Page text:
Otis Redding hosted his breakthrough performance at the Monterey Pop Festival today (June 17, 1967).
The Monterey Pop Festival was a three-day event that that took place on June 16, 17th and 18th.
The first of its kind festival featured an eclectic lineup of artists, ranging from Psychedelic Rock acts to Soul artists.
In addition to Otis Redding, artists like Lou Rawls and Booker T and the MGs, shared the stage with Rock acts like Quicksilver Messenger Service, Buffalo Springfield, The Who, Jefferson Airplane, Laura Nyro, The Beach Boys and others.
But the Monterey Pop Festival changed the career trajectory for three acts in particular: Otis Redding, Janis Joplin and Big Brother and The Holding Company, and the Jimi Hendrix Experience.
“As the climax of the second night, it marked not only the inception of a dialogue between Psychedelia and Soul, but a key moment of transition for both genres,” stated author Ian Inglis in his book “Performance And Popular Music: History, Place And Time.”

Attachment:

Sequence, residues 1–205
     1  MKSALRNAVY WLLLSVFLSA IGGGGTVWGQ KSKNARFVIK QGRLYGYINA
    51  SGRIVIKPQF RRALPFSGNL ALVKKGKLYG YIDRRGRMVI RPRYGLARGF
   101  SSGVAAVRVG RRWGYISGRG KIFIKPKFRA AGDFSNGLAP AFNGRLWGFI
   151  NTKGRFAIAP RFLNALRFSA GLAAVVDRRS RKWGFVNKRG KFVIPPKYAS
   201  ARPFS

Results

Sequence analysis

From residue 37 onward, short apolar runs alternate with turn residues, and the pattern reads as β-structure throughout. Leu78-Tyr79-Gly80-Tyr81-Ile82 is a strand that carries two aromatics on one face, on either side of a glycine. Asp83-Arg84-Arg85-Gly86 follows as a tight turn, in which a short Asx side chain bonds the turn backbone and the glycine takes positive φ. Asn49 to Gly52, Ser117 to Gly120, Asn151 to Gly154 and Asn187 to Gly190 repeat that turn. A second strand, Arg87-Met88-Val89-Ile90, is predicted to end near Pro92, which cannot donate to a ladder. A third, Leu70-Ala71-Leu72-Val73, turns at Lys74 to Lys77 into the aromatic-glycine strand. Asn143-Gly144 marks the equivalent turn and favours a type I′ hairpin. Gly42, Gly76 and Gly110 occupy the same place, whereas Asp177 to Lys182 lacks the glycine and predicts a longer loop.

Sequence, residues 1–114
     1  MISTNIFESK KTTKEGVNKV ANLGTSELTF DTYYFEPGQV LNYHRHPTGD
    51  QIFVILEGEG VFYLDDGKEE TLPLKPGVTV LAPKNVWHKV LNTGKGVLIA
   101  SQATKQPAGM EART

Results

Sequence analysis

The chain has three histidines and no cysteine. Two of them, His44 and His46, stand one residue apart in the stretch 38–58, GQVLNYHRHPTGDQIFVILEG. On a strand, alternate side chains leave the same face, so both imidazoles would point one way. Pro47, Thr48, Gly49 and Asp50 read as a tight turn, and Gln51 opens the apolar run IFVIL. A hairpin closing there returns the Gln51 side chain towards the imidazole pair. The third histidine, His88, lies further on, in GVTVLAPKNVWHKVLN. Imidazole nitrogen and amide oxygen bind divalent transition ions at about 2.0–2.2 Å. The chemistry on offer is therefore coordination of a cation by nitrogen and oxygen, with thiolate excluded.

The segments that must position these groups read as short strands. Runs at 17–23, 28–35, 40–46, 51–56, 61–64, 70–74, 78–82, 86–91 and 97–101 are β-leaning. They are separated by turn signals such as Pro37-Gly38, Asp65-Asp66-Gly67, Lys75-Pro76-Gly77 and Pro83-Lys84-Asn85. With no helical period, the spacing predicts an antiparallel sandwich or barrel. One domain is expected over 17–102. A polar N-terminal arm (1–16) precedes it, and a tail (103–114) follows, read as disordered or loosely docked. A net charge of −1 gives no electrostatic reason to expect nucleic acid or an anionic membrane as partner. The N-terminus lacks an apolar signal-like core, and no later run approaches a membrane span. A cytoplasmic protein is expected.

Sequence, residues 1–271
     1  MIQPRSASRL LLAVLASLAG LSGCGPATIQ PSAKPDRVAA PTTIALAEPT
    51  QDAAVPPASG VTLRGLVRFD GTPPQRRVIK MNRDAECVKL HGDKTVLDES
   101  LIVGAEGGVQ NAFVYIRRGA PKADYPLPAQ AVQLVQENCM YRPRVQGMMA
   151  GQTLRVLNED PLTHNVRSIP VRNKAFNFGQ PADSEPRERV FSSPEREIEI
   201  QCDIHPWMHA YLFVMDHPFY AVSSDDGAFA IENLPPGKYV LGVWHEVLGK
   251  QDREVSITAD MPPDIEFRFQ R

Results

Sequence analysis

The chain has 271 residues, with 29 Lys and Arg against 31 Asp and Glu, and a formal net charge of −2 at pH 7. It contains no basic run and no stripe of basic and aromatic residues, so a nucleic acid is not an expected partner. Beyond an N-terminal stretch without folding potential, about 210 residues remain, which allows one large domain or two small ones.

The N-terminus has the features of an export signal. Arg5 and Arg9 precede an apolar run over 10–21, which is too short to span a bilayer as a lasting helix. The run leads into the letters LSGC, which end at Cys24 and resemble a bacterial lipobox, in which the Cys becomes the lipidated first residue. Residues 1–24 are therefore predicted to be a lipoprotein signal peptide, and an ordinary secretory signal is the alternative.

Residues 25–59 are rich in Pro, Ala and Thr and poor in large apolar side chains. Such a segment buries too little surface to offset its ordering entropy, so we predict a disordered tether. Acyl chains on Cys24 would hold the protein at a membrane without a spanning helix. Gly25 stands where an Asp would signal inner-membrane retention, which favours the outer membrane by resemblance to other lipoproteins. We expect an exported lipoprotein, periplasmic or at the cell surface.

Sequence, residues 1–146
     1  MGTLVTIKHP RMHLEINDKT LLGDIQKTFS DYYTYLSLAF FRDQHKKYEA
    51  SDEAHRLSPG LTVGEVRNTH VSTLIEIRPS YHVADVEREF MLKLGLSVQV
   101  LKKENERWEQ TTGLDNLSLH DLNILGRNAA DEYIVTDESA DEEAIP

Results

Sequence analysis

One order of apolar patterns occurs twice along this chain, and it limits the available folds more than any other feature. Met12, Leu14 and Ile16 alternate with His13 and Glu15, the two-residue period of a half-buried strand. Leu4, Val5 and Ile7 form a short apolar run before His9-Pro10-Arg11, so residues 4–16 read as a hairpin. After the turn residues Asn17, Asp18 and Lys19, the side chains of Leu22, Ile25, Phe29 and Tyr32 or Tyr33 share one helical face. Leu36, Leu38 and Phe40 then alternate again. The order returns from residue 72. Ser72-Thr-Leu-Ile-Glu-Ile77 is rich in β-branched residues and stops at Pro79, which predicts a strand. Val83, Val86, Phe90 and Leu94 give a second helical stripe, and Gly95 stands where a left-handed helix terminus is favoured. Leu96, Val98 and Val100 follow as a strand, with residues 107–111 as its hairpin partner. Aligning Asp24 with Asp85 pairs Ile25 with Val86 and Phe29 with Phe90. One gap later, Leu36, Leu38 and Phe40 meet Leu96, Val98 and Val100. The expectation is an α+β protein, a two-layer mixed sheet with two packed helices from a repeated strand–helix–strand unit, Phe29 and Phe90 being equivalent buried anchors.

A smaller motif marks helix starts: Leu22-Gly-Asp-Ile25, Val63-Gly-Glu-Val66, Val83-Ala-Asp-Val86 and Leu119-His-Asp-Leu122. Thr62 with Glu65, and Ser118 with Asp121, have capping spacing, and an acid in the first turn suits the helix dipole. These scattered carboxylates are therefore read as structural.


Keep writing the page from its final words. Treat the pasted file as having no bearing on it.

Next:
According to Booker T, The Monterey Pop Festival was a serious wake-up call for himself and Otis Redding.
“We had just come back from Europe and we had acceptance there,” Booker T said in “Soulsville, U.S.A.: The Story of Stax Records.”
“We never had acceptance [from 8] white audience in the United States,” Booker T said. “It was like Monterey should have been in Germany or maybe Holland, but it was California.”
After being led one stage by the Hells Angels, Otis took the 55,000 strong crowd through a gut wrenching set that included a number of tempos, in addition to call and response with the crowd, an interaction none of the other acts had accomplished.
The performance also had an impact on Otis Redding’s songwriting.
Otis Redding wrote what would later become his signature hit “Sitting on the Dock of the Bay” while he was staying on a houseboat in Sausalito, during a tour of the West Coast later in 1967.